Topic No. 151: Subletting and Replacement of Roommates
San Francisco’s Rent Ordinance generally allows tenants to replace departing roommates and/or to increase the number of occupants living in the unit, even when prohibited by a written lease. However, nothing in the Rent Ordinance allows a tenant to sublet or assign the entire unit to a new tenant in violation of a lease, or to sublet the unit for tourist or transient use as defined in the Short Term Rental Ordinance for a period of less than 30 days (See Admin. Code Section 41A.5).
Tenants with written lease agreements must follow the procedures described herein to obtain the landlord’s approval before moving a new occupant into the unit. On the other hand, if there is no written lease agreement for the tenancy, or if the agreement is silent on the issue of subletting and does not include a limit on the number of occupants, a tenant is not required to obtain the landlord’s approval before moving a new occupant into the unit and the following procedures do not apply.
What steps must a tenant follow to obtain the landlord’s consent?
The steps for obtaining a landlord’s consent to a new occupant include strict time limits that must be followed by tenants and landlords. First, the tenant must make a written request to the landlord for permission to move the new occupant into the unit. The written request may be delivered to the landlord in person, through email, or by regular mail.
The landlord has 14 days from receipt of the tenant’s written request to approve or deny the request for the proposed new occupant. The landlord’s denial of a tenant’s request must be in writing with a description of the reasons for the denial, including specific facts supporting the reasons for the denial. If the landlord does not respond to the tenant’s request within 14 days or unreasonably denies the tenant's request, the request is deemed approved by law and the tenant cannot be evicted for moving the new occupant into the unit without the landlord’s prior consent.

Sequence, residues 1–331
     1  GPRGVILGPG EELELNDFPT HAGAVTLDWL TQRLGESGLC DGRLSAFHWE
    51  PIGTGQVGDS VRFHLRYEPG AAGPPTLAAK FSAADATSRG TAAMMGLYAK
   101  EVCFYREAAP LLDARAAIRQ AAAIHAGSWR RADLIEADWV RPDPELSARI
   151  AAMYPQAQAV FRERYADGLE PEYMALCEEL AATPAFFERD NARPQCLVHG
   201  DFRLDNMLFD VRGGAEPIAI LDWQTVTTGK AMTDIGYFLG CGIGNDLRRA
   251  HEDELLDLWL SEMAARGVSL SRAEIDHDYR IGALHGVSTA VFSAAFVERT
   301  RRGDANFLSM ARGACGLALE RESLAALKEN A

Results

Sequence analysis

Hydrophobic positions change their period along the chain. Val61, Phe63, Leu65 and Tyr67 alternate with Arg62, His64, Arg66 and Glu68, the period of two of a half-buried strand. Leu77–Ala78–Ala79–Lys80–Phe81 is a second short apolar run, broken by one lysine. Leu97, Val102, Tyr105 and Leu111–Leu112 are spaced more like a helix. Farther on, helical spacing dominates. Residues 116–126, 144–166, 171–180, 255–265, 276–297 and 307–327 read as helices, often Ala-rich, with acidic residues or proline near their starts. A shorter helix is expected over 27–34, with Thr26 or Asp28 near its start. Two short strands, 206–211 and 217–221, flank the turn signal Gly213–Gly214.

How do I count the fourteen days?
Example: The tenant makes a written request on the 1st day of the month to replace a departing roommate or to add an additional family member or other additional occupant to the unit.
- If the tenant’s written request is delivered to the landlord in person, the request is considered received by the landlord on the date of delivery (the 1st) and the landlord has until the 15th to respond.
- If the request is delivered by email, the request is considered received after two days (the 3rd) and the landlord has until the 17th to respond.
- If the request is delivered by mail, the request is considered received five days after the postmark date (the 6th) and the landlord has until the 20th to respond.
Can the landlord request any information about the proposed new occupant?
Within five days of receipt of the tenant’s written request, the landlord may require the tenant to submit a completed standard form application for the proposed new occupant or to provide sufficient information about the new occupant to allow the landlord to conduct a typical background check, including full name, date of birth and references if requested. While the landlord may require that the new occupant meet their regular, reasonable application standards, and agree in writing to be bound by the current rental agreement between the landlord and tenant, creditworthiness may not be the basis for denial of the tenant’s request for an additional occupant if the additional occupant will not be legally obligated to pay some or all of the rent to the landlord. Thus, where the tenant requests the landlord’s consent for a new occupant who will not pay rent directly to the landlord, such as a subtenant, the landlord may not require credit or income information as part of the application or background check.
If the landlord makes a timely request for information from the proposed new occupant, the tenant then has five calendar days after receipt of the landlord’s request to provide the landlord with the proposed new occupant’s application or typical background check information. The five-day period begins to run on the day after actual receipt of the landlord’s request by the tenant. If the tenant does not respond within the five-day period, the landlord can deny the tenant’s request on that basis. The tenant can then make a new written request to the landlord for a new occupant and the 14-day timeline starts over.
When can a landlord deny a request for a new occupant?
Pursuant to the Rent Board’s Rules and Regulations, Sections 6.15A, 6.15B, 6.15D and 6.15E, a landlord must have a reasonable basis to deny a tenant’s request for a new occupant in the unit. Unless the new occupant is the minor child of an existing tenant, denial by the landlord of the tenant’s written request for a new occupant may be considered reasonable in some circumstances, including but not limited to the following:
- where the proposed new occupant will be legally obligated to pay some or all of the rent to the landlord and the landlord can establish that the new occupant lacks creditworthiness.